Drogheda was safe place for Pope to visit
POPE JOHN Paul II's visit to Drogheda wasn't seen as one of the most dangerous parts of his visit to Ireland in 1979, according to security briefing papers just released under the 30 year secrecy rules.
In the State Papers, secret briefing documents raised the risk of direct sniper and bomb attacks at Dublin Airport, the Papal nunciature and at the Phoenix Park but not in Drogheda.
The Pope's visit which came just a month after the Queen of England's first cousin, Lord Louis Mountbatten had been killed in an IRA explosion on his boat in Mullaghmore, County Sligo.
Irish security officials were worried that there could be a sniper or bomb attack on the pontiff during three-day Irish visit.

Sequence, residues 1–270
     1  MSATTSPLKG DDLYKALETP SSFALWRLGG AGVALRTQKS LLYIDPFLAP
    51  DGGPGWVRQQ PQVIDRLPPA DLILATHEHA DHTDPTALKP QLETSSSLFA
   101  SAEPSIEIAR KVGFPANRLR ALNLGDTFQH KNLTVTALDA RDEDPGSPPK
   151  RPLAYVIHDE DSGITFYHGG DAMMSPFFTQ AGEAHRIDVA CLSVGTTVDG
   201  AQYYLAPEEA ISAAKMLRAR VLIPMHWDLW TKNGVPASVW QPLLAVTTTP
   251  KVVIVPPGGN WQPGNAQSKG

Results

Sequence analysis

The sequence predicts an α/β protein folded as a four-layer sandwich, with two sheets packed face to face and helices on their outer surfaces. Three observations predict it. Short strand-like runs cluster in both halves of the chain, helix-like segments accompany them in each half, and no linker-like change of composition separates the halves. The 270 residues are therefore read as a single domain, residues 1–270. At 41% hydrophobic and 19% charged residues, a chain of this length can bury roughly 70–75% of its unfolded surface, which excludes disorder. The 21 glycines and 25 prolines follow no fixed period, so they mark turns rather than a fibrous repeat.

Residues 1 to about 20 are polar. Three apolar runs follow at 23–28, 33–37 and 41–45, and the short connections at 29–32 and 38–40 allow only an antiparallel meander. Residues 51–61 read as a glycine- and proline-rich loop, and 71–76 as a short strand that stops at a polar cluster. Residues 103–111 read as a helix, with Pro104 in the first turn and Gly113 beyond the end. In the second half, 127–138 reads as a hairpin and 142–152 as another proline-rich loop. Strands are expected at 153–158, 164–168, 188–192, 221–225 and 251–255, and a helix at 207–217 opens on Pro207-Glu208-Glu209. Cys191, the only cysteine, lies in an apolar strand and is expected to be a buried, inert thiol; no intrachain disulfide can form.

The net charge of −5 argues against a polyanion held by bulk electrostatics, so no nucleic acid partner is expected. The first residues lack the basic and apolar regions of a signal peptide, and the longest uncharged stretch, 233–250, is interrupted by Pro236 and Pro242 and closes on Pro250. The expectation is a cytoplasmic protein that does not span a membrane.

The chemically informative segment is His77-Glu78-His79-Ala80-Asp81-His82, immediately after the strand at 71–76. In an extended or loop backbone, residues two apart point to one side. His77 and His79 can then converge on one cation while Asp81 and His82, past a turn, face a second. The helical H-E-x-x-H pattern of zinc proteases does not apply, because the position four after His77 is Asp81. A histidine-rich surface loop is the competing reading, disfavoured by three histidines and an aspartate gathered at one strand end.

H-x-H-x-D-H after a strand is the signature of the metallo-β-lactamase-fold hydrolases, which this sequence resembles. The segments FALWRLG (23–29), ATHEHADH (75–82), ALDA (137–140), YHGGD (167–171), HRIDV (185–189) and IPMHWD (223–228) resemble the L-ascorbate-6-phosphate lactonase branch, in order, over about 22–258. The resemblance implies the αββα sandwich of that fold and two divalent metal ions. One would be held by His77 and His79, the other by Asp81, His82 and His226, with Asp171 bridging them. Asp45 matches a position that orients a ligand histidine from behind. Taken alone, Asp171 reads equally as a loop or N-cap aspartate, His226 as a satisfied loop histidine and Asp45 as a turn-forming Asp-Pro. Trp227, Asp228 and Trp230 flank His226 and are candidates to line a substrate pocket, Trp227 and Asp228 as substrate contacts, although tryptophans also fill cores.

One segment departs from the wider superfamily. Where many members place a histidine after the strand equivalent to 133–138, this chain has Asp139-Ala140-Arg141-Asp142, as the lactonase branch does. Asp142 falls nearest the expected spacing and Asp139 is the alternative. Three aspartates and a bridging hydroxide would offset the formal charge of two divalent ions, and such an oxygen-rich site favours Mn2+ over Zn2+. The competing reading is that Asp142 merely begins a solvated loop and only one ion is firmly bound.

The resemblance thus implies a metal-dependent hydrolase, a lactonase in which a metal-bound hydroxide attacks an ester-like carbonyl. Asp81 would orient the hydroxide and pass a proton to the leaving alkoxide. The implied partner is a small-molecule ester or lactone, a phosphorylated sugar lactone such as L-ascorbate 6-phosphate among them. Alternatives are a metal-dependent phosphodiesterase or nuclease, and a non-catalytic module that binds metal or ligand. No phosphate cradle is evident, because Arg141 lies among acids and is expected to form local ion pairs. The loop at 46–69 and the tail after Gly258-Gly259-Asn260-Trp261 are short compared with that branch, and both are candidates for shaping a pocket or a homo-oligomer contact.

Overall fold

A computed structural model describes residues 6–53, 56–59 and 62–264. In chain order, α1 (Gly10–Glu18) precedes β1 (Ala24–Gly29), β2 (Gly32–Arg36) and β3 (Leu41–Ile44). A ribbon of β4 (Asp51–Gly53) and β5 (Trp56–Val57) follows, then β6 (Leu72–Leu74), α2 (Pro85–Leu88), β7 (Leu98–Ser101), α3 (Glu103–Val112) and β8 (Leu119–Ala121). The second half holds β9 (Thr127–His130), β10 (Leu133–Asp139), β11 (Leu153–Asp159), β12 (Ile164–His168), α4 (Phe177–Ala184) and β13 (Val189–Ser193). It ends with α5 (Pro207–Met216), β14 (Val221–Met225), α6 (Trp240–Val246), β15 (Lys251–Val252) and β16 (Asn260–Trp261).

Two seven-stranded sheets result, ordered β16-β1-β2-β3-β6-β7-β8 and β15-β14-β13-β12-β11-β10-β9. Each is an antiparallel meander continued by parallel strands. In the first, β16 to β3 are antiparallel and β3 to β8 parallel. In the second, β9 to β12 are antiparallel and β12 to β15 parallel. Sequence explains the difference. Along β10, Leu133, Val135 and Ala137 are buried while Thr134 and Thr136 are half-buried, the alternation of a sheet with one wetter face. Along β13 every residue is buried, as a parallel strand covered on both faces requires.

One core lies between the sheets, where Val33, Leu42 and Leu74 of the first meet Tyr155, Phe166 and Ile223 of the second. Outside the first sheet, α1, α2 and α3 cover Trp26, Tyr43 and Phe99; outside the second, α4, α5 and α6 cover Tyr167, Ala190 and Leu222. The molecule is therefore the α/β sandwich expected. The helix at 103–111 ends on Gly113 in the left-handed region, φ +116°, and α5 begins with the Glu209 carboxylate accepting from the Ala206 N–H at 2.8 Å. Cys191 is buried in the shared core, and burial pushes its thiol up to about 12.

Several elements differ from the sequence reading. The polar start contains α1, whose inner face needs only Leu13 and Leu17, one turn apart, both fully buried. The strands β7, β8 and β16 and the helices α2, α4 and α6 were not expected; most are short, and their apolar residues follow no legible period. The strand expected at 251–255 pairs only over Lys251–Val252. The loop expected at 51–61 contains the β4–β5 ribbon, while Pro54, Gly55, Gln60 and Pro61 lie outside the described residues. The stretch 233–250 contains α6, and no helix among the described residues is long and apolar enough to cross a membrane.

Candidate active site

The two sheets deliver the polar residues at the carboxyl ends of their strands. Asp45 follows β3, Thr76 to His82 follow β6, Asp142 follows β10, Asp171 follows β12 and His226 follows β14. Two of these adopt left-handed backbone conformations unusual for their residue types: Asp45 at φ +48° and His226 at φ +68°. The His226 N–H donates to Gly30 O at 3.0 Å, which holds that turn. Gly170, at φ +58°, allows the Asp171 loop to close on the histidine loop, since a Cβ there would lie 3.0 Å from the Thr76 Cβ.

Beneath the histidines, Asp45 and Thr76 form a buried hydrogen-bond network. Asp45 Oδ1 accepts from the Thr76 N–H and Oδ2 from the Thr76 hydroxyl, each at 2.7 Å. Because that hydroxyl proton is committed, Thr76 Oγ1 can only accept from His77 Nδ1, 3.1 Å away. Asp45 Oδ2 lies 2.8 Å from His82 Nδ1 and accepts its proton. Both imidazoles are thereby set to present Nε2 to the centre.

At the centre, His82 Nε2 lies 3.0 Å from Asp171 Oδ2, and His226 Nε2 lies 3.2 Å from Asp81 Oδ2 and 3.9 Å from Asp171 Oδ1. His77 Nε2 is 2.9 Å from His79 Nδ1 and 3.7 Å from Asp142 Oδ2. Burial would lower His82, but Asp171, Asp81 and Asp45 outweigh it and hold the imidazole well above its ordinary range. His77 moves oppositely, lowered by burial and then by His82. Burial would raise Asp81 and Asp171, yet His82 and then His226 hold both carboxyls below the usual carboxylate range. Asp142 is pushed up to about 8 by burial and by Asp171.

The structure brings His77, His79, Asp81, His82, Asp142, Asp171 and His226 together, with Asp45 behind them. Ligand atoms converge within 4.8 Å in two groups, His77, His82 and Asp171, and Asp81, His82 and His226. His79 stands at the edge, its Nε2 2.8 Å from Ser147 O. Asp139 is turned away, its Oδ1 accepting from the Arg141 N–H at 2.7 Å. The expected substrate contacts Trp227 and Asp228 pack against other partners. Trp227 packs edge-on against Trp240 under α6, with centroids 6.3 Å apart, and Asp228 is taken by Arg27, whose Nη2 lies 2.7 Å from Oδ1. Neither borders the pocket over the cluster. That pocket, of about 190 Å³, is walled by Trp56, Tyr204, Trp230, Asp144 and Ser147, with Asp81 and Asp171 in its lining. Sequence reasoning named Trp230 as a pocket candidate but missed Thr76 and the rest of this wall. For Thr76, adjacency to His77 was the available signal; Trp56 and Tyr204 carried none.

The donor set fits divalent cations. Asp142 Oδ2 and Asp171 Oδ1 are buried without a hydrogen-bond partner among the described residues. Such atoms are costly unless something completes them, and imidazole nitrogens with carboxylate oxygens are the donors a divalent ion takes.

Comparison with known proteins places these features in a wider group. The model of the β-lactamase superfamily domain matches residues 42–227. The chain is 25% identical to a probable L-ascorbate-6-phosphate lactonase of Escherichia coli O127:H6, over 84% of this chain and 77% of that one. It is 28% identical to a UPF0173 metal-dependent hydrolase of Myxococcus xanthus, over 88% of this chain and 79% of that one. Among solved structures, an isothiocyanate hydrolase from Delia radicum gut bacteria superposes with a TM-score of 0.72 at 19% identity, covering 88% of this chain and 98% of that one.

In the secret briefing document which was sent to the garda commissioner, it stated: 'All vantage points from which sniper fire could be directed are being identified by gardai and army and will be manned by gardai'. Even the altar at the Phoenix Park was designated a high-security zone and airspace over the park was policed by the garda task force and army Air Corp helicopters and aircraft.
The British government said they would be glad to co-operate with the pope visiting the north but hoped he would not come from the 'back door' meaning the Republic.
During a courtesy call, Michael Alinson, deputy Nothern Ireland Secretary used a 'clever line' according to Irish diplomatic staff in London. He said they hoped the Pope would come to the UK on an official visit, meet the Queen in London, and then if he wished go on (to) Armagh.'